Saturday, October 30, 2010 REST API

A while back I had the opportunity to develop a .NET desktop application that interfaced to using the SOAP API, so I was very interested when I heard about SFDC's new REST based API. The beta of this interface has just been made available to developers and will eventually go into production in a future release. SFDC has made a simple Java sample available but no .NET samples yet, so I thought I would write an article explaining how to access the API from .NET. This example will be done in C# using Visual Studio 2010 and the .NET Framework 4.0 although there is no reason this couldn't be done with earlier versions of the framework.
To try out the API you will need a developer account. You can sign up for a free account at I am not sure if the REST API is automatically enabled for all developer accounts, but if not you can sign up for it here.


Before you can use the REST API you need to authenticate to There are two ways to do this, using a Session ID from the old SOAP API, or using OAuth which is what I will be doing in this sample. OAuth allows an application to access a web based resource without the user having to provide their login details to the calling application. The exact details of how OAuth works are beyond the scope of this article but you can learn more at
The first step in authentication is to enable the REST interface. To do this log into your SFDC account and select Setup. Under App Setup, select Develop then Remote Access, this will display a list of Remote Access Applications. The list will be empty at this point, so click on New to add a new remote access application.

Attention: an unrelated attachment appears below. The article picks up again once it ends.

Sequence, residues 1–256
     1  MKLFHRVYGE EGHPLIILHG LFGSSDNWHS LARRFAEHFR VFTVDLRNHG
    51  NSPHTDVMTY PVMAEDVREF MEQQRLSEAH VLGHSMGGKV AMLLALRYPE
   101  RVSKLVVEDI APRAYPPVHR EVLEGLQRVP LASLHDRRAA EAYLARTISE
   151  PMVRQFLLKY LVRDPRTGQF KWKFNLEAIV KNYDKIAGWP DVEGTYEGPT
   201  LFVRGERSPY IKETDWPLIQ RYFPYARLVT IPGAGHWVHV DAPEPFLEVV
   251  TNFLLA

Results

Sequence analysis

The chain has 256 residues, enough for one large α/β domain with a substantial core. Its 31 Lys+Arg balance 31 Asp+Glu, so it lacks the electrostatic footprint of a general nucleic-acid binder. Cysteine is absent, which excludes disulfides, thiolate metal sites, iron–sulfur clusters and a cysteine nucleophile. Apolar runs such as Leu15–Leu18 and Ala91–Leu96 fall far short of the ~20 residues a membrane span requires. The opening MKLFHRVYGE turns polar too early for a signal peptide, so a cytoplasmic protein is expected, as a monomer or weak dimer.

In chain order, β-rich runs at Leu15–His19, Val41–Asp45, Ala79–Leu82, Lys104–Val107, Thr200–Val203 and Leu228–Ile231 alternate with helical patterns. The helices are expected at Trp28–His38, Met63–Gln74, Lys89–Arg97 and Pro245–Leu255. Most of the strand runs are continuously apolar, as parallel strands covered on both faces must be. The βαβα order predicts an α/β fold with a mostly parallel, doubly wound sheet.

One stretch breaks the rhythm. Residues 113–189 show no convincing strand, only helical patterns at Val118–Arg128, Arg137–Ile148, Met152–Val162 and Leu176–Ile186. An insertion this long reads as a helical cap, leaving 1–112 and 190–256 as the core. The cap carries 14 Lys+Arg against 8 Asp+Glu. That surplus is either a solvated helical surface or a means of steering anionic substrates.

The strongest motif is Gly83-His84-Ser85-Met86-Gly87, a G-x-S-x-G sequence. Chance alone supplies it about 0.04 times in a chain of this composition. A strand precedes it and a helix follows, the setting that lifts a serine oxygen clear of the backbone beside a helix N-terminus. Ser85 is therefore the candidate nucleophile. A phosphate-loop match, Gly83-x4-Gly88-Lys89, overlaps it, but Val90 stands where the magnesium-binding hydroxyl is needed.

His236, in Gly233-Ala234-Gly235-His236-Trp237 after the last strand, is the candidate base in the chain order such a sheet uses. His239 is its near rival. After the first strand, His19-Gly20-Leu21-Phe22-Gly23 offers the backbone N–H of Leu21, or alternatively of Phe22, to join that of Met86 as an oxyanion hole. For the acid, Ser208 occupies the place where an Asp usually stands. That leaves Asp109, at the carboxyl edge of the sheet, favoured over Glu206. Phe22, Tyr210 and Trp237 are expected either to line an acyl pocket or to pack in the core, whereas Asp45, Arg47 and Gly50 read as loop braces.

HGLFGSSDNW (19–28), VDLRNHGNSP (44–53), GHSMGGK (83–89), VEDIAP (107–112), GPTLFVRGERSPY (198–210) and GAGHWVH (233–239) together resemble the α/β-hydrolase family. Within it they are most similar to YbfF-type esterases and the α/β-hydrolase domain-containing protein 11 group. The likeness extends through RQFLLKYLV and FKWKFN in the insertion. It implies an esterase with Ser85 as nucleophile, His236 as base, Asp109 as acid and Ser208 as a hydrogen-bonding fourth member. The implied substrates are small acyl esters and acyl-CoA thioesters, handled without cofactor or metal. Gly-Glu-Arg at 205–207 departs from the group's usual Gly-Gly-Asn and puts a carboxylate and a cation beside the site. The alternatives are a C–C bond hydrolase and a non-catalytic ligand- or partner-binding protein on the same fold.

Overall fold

There are two required fields, the Application name which can be anything of you choosing, and the Callback URL which needs a little explanation. OAuth is primarily designed to be used between two web sites. The web site requesting access will redirect to the SFDC login screen, and when the user has logged in the SFDC web site will re-direct back to the Callback URL you specify. If you are developing a web application this needs to be the URL of a secure (HTTPS) page. In this demo, since we are developing a desktop app, we don’t want to actually redirect so we put in an identifier of our choice that we will catch in our application.
Once you have filled out the form, click Save, then click on the application name on the list. The details you entered will be re-displayed along with the Consumer Key and Consumer Secret which we will need during the authentication process. I created some object level variables to hold this information:
private string clientID = “YOUR CONSUMER KEY";
private string clientSecret = “YOUR CONSUMER SECRET";
private string redirectURL = "resttest:callback";

Since the key and secret are specific to my SFDC account I have omitted them in the demo. You will need to put in the ones from your account.

The next thing we need to do is have our application call the SFDC login page. If this was a web app we could simply re-direct to is, but since this is a desktop app we can use the WinForms WebBrowser control. I added a WebBrowser control to my form and then put the following code in the Form_Load event:

var authURI = new StringBuilder();
authURI.Append("&client_id=" + clientID);
authURI.Append("&redirect_uri=" + redirectURL);

First we build a URL that points to the SFDC login page and includes the Consumer Key (called client_id) and the re-direct URL as query strings. Next we call Navigate on the web browser control to point to this location.